THIS FAT OLD LADY’S THEATER TUESDAY – PUT IT ON ITS FEET

I have spoken with so many friends who can’t understand why their audition song, solo at church, etc. doesn’t go as well as I thought it would.

My first question is – did you practice it in your car?

And the usual response is – OH YES!

I practiced it over and over in the car.

Yeah, well, there’s your problem.

Sitting in the car, you get a false idea of what is happening – vocally.

The windshield shoots the sound right back at you, so you have no idea of what your volume will be like when you don’t have that feedback; which means your body has no idea how it needs to support the sound or how the breath control will work.

Because you are sitting.

When you do your audition, etc. you will not be sitting.

You need to practice your music standing up!

And if you are practicing for a performance – you also need to be moving (just some pacing will suffice) while you are practicing – so you can get used to singing and moving at the same time.

When you sing, especially if you are singing properly, your whole body is involved.

When you are sitting, not only is your diaphragm compressed, you don’t have to worry about balance, you don’t have to work as hard for breath control – because you are not using as much breath while sitting.

You wouldn’t think something as natural as standing up would change how you sing – but it does.

A lot.

The more things your body has to do while you are singing, means the less your body is able to focus on what it needs to do to produce the sound you are after.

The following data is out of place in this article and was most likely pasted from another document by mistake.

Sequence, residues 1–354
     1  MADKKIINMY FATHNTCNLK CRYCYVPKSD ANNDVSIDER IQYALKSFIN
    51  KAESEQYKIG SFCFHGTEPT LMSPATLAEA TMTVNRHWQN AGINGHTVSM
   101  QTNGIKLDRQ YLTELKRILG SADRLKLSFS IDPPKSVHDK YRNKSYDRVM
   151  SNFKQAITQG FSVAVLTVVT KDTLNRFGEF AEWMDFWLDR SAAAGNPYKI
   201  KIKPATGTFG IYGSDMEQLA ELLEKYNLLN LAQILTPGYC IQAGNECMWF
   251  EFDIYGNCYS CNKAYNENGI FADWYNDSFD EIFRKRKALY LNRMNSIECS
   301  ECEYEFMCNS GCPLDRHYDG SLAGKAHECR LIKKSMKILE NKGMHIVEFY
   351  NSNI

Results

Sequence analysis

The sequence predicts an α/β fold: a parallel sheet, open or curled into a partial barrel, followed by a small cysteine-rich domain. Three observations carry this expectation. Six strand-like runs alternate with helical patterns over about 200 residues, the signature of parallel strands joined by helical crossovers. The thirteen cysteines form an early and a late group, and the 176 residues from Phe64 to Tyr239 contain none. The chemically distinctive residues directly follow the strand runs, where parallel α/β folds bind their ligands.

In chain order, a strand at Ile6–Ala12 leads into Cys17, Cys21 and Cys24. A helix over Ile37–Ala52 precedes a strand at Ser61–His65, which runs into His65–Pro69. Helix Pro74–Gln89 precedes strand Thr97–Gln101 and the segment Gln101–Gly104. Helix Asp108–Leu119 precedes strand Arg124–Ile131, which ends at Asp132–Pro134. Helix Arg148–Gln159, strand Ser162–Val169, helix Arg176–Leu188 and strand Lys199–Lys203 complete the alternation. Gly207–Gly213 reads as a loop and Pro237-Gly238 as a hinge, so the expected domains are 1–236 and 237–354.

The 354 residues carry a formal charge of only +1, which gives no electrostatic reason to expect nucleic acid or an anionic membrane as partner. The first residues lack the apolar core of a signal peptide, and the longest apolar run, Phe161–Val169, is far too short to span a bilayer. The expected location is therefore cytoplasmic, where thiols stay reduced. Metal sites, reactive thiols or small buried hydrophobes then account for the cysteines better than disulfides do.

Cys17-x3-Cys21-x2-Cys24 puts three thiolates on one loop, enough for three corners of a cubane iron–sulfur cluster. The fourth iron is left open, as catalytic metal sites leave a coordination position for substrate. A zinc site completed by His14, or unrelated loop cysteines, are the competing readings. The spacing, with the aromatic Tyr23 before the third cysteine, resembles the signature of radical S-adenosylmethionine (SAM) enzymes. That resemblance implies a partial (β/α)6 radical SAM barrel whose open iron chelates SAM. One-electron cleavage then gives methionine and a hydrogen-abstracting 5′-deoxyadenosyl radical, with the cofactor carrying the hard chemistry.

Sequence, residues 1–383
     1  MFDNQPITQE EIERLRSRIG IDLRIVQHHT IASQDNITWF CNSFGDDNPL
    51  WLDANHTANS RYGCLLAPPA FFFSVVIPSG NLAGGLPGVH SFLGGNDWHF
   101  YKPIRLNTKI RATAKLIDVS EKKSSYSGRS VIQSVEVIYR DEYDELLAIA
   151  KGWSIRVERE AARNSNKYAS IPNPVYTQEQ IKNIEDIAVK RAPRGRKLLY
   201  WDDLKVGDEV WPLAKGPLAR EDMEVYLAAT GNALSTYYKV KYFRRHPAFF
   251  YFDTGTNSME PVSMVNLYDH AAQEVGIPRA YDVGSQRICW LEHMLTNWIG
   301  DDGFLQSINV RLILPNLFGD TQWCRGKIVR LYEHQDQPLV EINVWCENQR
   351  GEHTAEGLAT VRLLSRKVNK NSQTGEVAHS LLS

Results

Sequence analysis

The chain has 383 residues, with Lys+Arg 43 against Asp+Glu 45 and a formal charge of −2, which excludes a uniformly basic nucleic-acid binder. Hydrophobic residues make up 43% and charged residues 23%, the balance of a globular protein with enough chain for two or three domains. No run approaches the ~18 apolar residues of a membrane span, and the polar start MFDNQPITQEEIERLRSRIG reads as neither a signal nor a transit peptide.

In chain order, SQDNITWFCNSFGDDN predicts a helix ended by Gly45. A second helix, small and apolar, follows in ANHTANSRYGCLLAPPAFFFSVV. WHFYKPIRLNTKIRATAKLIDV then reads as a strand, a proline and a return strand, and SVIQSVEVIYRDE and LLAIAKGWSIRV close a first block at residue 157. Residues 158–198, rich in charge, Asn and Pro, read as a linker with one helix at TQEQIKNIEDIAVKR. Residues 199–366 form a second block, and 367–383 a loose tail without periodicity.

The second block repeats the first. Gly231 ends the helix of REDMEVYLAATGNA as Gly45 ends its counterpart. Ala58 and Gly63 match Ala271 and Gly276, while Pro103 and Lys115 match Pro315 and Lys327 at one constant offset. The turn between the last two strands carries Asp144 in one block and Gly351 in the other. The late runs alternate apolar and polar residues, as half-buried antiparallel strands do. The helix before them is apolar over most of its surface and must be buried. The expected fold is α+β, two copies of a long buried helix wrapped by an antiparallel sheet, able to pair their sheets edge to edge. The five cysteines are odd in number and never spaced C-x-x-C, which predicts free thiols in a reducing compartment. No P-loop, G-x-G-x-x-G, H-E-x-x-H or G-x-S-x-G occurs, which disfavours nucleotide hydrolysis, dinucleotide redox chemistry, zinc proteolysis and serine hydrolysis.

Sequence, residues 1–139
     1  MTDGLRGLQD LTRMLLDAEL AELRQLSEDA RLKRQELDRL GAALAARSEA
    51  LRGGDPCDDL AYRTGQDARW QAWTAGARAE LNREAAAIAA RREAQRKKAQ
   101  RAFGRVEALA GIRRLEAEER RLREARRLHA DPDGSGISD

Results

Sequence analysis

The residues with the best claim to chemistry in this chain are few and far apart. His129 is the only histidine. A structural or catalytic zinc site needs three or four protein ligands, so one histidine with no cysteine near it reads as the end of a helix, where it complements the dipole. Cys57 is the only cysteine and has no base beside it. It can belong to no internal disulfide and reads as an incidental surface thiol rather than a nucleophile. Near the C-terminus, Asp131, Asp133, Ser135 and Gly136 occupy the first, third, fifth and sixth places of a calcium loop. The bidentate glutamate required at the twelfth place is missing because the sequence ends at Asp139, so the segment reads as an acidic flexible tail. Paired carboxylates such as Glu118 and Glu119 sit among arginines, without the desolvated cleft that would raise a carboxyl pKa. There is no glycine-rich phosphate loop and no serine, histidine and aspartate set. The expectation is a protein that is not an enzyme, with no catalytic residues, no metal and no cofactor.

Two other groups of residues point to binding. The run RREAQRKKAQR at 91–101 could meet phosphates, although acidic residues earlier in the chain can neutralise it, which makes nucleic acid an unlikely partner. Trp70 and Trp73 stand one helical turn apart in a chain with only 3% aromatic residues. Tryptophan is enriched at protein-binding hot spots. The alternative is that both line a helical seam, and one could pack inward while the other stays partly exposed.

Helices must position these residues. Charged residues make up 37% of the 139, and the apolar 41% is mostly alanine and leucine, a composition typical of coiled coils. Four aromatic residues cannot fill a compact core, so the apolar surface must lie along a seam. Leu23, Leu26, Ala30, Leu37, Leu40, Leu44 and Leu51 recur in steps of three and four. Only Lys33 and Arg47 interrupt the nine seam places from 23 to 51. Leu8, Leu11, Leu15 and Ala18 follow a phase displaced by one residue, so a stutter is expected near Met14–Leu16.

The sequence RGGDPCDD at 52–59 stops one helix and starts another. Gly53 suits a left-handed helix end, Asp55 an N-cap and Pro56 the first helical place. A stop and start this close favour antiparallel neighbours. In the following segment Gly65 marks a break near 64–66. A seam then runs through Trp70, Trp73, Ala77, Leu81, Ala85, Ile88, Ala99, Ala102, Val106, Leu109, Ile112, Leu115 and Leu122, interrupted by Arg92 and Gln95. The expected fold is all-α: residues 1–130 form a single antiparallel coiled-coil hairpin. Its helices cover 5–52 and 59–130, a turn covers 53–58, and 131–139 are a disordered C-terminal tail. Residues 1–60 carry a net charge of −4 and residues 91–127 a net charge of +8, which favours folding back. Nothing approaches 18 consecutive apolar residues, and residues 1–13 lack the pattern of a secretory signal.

I’m not saying practicing while sitting is wasted time.

It is fine for learning the notes and words.

In fact if you have the notes and words down while driving (while your mind is, hopefully, distracted with driving safely) you’ll have a better grasp of the notes and words when there are less (or different) things to distract you – like an audience.

So practicing singing is a balance between the singing technique and distraction.

If you don’t practice with the distractions, you are asking for trouble when you actually perform – because I can guarantee there will be plenty of distractions.

Whether it’s some kid in the audience swinging a sweater over her head (happened to me once); or your own body (burps and yawns are your ever-threatening enemy) – you can count on distractions.

It’s just how life is.

And you want to know how to tell if you are really comfortable with a song?

You get spit in your mouth when you sing it!

Seriously.

My first voice teacher taught me that, and she was right.

You know how when you are scared to death over singing and your mouth is completely dry?

This is the opposite reaction and its involuntary.

Your body is so comfortable with what is happening that it naturally prevents the dry mouth.

Weird, but true.

drool

 

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